Michigan Coalition for Clean Forests
Adopt-a-Forest
April 2002 Newsletter
To contact us:
( Call the DNR at 989-275-5151 or USFS at 1-800-821-6263;
+ E-mail us at takacsa@michigan.gov; or
- Send a note to Adopt-a-Forest, 8717 North Roscommon Rd, Roscommon, MI 48653

Snow on the ground for five months does not mean that the Adopt-a-Forest program hibernates! We have been working with our partners to improve the program. Here's what's happening…


     If this newsletter was mailed to you, you will notice an identification number on your address label. This number is used to enter cleanup statistics on our database when you return progress reports. This label will speed up the data entry process immensely

wpe23.jpg (2279 bytes)Volunteering Just
Got Easier

     The Department of Natural Resources received a $5,000 materials grant from Home Depot. This grant was used to purchase tools such as shovels, rakes, and wheelbarrows.

     Members of the Michigan Association of Conservation Districts have agreed to house these tools and loan them out to volunteer groups working on community projects for a nominal deposit.

     The goal is to one day have tool banks available in every county. Contact these Conservation Districts for information in your area:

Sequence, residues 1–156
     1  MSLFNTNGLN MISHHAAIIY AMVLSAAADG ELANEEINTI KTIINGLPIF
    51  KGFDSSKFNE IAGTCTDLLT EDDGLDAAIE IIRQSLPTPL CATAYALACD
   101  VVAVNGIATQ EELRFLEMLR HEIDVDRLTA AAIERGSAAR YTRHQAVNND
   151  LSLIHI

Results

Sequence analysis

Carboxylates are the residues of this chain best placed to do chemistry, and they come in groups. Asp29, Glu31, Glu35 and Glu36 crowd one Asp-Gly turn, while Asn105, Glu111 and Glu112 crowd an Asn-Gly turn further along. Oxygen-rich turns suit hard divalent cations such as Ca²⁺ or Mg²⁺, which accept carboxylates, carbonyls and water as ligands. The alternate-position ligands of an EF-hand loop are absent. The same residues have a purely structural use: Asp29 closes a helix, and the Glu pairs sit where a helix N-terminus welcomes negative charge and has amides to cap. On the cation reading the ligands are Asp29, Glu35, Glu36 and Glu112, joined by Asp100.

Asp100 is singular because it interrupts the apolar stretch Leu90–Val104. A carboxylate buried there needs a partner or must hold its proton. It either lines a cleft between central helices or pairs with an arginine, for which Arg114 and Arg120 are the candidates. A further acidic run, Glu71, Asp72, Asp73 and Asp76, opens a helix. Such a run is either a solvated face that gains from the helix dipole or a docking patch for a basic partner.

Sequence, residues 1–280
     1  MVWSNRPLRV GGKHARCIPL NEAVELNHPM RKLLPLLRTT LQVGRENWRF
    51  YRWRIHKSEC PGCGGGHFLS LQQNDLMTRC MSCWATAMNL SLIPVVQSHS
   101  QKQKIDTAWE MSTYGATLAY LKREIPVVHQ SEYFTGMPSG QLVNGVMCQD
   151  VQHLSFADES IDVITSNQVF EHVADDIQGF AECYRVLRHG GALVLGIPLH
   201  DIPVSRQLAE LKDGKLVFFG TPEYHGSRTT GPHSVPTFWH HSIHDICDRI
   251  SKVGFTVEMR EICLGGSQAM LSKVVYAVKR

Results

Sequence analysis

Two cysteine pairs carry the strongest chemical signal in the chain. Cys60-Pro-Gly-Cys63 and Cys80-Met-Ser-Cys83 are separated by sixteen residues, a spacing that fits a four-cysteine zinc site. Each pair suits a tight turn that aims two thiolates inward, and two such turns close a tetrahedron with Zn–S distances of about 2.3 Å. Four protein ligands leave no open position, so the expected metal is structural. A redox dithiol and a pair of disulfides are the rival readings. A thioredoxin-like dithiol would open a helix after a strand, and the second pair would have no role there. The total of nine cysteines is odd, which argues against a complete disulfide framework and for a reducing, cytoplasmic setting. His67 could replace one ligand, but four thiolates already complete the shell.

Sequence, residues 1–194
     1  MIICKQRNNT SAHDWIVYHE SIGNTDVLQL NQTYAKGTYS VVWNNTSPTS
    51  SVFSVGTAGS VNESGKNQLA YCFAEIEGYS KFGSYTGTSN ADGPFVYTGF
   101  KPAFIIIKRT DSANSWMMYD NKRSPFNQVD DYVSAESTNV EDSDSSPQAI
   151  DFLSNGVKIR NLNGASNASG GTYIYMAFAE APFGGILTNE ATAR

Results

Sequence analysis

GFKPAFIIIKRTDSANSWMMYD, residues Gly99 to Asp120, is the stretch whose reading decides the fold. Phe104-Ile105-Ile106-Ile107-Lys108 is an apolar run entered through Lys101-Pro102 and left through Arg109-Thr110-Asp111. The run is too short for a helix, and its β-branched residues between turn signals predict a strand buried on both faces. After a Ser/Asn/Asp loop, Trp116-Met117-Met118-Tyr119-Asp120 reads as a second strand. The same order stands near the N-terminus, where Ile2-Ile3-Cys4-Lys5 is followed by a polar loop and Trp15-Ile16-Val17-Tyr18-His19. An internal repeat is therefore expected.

• Clare
  • Crawford-Roscommon
  • Gladwin
  • Ingham
  • Manistee
  • Marquette
  • Montmorency
  • Oakland
  • Ogemaw
  • Ottawa

For information to educate and inform the forest landowner, visit:
www.timberbuyer.net
Forestry Forum

Orphaned No More

Twenty-five percent of our "orphan sites" were cleaned last year not bad for the first mailing!

Major trash sites left unattended for years, those not officially adopted, and areas with special needs (like large equipment) are listed on the Orphan Sites List. Each spring, these lists are sent to every known volunteer in the county asking for their help in removing trash.

If you are aware of orphaned sites, please let us know. In the meantime, a big THANKS to Tracy Henning, DNR, for compiling last year’s information.

 

Have you seen what looks like foam, yellow paint, or oil-like films floating on your lake or river in the spring? These are more than likely naturally occurring phenomena.

Contact the DEQ Environmental Assistance Division at 1-800-662-9278 for further information.



Volunteer, Rick McShane applied for and received a VIP grant from his employer, Consumers Energy. $300 was donated to the Adopt-a-Forest program because of Mr. McShane’s efforts to keep his adopted area in Manistee County clean. This is the second VIP grant Rick has received for taking an interest in our program. Thanks to Rick and to Consumers Energy for making a difference!!!